BREAKING: Netanyahu to be indicted on charges of bribery and fraud


TEL AVIV – Israeli Attorney General Avichai Mandelblit announced Thursday his decision to in fact indict Prime Minister Benjamin Netanyahu in one case of bribery and two cases of fraud and breach of trust. All indictments are pending a hearing.

The announcement comes after more than two years of investigations and less than two months before Israel’s highly anticipated April 9th elections. It’s also the first time in Israel’s history that a sitting prime minister will face criminal charges.

At the same time, these charges represent both paltry sums as well as politicking normally seen as part of the game. So why is Netanyahu being charged for playing it?

Netanyahu has successfully secured power in Israel, being in power now for ten years, and there are few remaining constitutional methods remaining to remove him.

Many Israeli elites would like to see Netanyahu removed, due to his long-time in power, attempts to create a cult of personality around himself – all of which would have been acceptable and until now, was acceptable. However, Netanyahu’s decision making process and the results of his tenure have been less than satisfactory for the elites running the Zionist entity.

He has been unable to successfully secure Israel’s interests in a number of regional matters, which place Israel’s regional hegemonic status in extreme jeopardy.

His assistance to the Muslim Brotherhood in Egypt and support for Morsi, on the basis that Egypt would enter into the Syrian conflict on the foundation of Israel’s interests, failed. Morsi was ultimately removed, and a ‘status quo’ candidate, agreed to by Russia and Saudi Arabia was assisted into power – Al Sisi.

Netanyahu’s strategy on Iraq, which was premised upon negating Iranian influence in the post-war country, by supporting ISIS on the one hand, and bribing ‘legitimate’ Iraqi parliamentarians on the other, is quickly losing steam. Iran’s influence in Iraq is growing. In Iraq, Israel had gambled upon unfettered access to Iraq’s oil and water resources in order to prop-up the vampiristic Israeli economy, which it did enjoy for some time.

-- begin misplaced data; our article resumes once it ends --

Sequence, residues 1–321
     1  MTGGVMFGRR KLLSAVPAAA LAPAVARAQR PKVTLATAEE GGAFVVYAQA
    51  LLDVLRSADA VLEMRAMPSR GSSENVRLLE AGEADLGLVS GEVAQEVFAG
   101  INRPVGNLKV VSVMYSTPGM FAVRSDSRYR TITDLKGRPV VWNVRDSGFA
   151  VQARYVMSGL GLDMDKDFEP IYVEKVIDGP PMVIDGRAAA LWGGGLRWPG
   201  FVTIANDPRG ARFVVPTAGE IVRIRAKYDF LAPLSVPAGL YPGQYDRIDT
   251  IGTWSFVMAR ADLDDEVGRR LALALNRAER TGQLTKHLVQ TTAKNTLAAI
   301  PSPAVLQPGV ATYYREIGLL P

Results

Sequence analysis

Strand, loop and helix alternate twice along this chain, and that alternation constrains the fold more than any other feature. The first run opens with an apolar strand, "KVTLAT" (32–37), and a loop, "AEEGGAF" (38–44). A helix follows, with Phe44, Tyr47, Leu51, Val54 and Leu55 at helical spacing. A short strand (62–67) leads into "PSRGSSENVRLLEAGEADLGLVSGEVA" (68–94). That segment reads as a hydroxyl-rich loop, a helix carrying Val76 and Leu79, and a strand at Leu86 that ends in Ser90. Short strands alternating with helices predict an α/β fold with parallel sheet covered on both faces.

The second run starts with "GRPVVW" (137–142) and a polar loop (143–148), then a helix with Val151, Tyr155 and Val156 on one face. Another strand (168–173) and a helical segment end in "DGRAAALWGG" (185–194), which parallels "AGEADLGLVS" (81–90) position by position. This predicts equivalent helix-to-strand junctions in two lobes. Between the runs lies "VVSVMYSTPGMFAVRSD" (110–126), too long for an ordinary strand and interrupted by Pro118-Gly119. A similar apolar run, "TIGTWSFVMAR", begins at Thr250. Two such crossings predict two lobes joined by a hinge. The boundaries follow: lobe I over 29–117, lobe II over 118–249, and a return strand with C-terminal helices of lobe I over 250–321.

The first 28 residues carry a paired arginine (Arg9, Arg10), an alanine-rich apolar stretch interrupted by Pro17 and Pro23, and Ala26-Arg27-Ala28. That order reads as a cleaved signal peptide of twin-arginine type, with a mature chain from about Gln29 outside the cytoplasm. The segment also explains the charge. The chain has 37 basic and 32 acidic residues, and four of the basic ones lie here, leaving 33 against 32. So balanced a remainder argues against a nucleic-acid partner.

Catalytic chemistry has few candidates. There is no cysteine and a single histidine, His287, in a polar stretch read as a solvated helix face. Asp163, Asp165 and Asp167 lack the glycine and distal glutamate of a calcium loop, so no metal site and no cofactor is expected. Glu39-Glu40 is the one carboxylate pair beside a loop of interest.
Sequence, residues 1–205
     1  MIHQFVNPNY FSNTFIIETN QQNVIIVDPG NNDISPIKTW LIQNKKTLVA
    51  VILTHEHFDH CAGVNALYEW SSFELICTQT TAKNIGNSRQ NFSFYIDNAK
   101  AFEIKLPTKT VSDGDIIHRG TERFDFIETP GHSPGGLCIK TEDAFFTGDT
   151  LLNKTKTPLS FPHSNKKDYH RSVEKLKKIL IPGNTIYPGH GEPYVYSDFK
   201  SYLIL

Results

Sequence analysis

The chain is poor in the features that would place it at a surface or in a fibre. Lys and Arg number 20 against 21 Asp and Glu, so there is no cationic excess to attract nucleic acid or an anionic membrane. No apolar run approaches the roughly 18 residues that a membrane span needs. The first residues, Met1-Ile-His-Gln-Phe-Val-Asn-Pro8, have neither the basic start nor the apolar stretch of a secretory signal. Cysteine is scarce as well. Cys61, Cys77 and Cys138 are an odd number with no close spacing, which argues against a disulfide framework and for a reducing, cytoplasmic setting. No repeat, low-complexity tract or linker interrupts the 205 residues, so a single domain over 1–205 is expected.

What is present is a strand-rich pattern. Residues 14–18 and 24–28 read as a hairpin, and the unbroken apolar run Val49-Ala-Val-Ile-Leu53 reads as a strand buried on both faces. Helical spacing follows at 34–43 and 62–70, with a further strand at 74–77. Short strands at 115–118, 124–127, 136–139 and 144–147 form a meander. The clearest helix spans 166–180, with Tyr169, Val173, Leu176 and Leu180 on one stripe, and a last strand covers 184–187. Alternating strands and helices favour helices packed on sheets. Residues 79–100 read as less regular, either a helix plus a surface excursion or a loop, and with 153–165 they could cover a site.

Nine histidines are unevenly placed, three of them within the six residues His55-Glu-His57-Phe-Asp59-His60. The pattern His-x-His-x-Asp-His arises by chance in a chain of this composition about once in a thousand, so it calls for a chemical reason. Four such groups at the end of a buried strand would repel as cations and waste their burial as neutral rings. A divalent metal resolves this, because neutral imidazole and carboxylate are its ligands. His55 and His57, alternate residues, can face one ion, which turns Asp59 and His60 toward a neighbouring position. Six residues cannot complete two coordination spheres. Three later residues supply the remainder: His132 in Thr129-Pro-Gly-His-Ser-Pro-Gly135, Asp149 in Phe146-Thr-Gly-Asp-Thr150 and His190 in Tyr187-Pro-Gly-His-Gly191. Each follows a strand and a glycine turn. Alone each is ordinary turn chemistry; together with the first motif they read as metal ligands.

His strategy on Syria – to unseat Assad – has also failed. This was a major blow, and Assad foiled his attempts to make Israel both a producing and transit country for a new energy pipeline project that would be built through an FSA/ISIS controlled Syria – this failed to materialize.

Talks on saving an energy policy, by working a sea-route through Cyprus and on to mainland Greece, have moved at a snail’s pace.

Domestically, and perhaps as a result of his failed foreign policy, he has failed to provide an economy that works for Israel’s highly educated middle-class. This is bad for Israeli businesses internally, as Israelis have significantly less purchasing power than they did a decade ago. While Netanyahu possess the political machine to effectively ‘steal’ the upcoming election, he is increasingly unpopular in real polling among critical layers of the electorate.

Netanyahu’s brutal policy on Palestinians have contributed to a significant erosion of Israel’s prestige and has failed here in terms of perception management. Long-gone is the view in the west that Israel is a legitimate player looking for a real peace plan and a two-state solution – an image Israel enjoyed coming away from the infamous Camp David agreement with then Palestinian leader, Arafat. This has contributed greatly to the BDS movement in western countries, wherein western consumers engage in a boycott targeting Israel.

The technical and legal details are best explained in the following:

  • In case 4000 — which involves Netanyahu’s relationship with Israel’s leading telecommunications tycoon — the indictment is for bribery.
  • In case 2000 — Netanyahu’s alleged deal with a newspaper publisher for favorable coverage — the indictment is for fraud and breach of trust.